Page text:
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Christine M Sanfilippo, Timothy W Morris, Jennifer Deane, Deborah C Draghi, Daniel F Sahm; Antibiotic Resistance Profile of Ocular Pathogens - An Update from the 2013 US ARMOR Surveillance Study. Invest. Ophthalmol. Vis. Sci. 2014;55(13):6281.
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© ARVO (1962-2015); The Authors (2016-present)
Antibiotic resistance is a serious concern in the treatment of bacterial infections of the eye. The ARMOR (Antibiotic Resistance Monitoring in Ocular MicRoorganisms) surveillance study was initiated in 2009 to monitor resistance trends among bacterial pathogens of ocular significance. Here we report the study results to date for 2013 and compare the results to those from 2012.
To date, 239 isolates of Streptococcus pneumoniae, Staphylococcus aureus, coagulase-negative staphylococci (CoNS), Pseudomonas aeruginosa, and Haemophilus influenzae from 27 sites were subjected to antibiotic susceptibility testing. Minimum inhibitory concentrations were determined by broth microdilution for up to 16 representative antibiotics per Clinical and Laboratory Standards Institute methods. Systemic breakpoints (where available) were used to categorized isolates as susceptible or non-susceptible (intermediate and resistant).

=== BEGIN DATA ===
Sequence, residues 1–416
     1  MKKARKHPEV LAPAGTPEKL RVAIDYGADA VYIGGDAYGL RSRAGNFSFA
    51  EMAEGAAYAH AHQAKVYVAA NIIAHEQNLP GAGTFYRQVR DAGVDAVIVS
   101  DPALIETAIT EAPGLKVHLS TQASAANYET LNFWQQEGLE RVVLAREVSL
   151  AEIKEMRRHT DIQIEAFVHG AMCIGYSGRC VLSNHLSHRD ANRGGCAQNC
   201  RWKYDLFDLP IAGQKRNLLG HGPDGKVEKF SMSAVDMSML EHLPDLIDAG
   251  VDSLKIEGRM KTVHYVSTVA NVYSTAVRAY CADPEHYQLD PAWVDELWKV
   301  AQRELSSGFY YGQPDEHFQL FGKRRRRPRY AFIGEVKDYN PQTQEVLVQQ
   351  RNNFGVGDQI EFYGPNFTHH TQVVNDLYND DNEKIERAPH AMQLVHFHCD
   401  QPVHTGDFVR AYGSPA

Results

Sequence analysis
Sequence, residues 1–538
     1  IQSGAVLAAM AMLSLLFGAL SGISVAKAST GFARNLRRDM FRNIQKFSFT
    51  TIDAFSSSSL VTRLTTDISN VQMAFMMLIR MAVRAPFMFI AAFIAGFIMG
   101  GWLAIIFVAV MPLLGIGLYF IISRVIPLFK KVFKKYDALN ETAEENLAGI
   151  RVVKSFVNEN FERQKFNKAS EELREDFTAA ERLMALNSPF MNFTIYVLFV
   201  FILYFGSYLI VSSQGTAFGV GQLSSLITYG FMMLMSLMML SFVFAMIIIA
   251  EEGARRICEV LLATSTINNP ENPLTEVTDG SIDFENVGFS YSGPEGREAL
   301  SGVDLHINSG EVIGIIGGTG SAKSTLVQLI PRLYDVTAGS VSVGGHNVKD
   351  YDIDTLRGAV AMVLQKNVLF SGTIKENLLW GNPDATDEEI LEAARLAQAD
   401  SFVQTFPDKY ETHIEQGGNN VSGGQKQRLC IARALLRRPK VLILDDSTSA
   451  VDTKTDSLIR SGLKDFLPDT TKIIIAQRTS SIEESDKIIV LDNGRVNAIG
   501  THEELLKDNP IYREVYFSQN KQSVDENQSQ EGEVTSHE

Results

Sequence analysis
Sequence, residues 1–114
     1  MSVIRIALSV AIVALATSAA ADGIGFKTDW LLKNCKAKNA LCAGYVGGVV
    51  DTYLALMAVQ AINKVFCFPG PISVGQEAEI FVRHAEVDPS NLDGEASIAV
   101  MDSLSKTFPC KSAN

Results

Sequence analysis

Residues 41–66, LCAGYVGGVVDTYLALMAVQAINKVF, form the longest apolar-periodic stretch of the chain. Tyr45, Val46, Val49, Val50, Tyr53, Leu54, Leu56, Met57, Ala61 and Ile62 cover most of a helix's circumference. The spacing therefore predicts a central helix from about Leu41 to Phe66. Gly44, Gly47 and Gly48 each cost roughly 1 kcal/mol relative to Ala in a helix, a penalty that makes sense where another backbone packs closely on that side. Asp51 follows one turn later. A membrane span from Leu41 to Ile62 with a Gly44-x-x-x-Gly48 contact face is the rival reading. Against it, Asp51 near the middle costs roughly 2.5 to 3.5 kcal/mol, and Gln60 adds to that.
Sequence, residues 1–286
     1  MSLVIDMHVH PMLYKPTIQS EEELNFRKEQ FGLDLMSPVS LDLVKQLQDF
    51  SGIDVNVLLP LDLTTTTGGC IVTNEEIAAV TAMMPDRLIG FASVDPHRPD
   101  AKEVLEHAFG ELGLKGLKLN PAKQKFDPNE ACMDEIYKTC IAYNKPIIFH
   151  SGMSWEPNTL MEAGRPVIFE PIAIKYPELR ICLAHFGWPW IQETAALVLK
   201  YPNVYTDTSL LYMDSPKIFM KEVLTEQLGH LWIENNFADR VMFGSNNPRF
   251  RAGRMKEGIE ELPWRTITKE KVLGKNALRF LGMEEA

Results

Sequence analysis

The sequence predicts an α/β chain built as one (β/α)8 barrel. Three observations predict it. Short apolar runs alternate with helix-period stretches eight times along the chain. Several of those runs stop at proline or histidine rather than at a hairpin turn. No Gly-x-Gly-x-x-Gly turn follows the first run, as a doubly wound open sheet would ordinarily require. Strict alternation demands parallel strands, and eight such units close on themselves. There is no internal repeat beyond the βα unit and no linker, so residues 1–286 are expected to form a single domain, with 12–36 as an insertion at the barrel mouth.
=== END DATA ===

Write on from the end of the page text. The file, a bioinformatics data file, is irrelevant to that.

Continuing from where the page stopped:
Compared to 2012, ciprofloxacin and imipenem non-susceptibility rates for P. aeruginosa more than doubled to 14% and 21%, respectively, while again no resistance was detected in H. influenzae isolates. Non-susceptibility to penicillin remained steady at 6% among S. pneumoniae, although azithromycin and imipenem non-susceptibility rates decreased to 29% and 6%, respectively. Isolates of S. aureus and CoNS were non-susceptible to oxacillin/methicillin (43-59%), ciprofloxacin (33-43%), clindamycin (21%), and azithromycin (60-63%), showing slight increases over the previous year. In addition, multi-drug resistance remained prevalent in S. aureus and CoNS isolates (38-39%) from 2013, especially among methicillin-resistant staphylococci (60-81%).
To date, the 2013 ARMOR surveillance data show increased levels of drug resistance among the already problematic staphylococci as well as among P. aeruginosa isolates. Continued monitoring of antibiotic susceptibility is necessary in order to determine whether changes among ocular pathogens reflect annual fluctuations, sampling variations, or true trends in resistance patterns. Nonetheless, these results indicate the need for judicious use of antibiotic therapy in the treatment of ocular infections and the importance of ongoing, prospective, multi-center surveillance studies of ocular pathogens.
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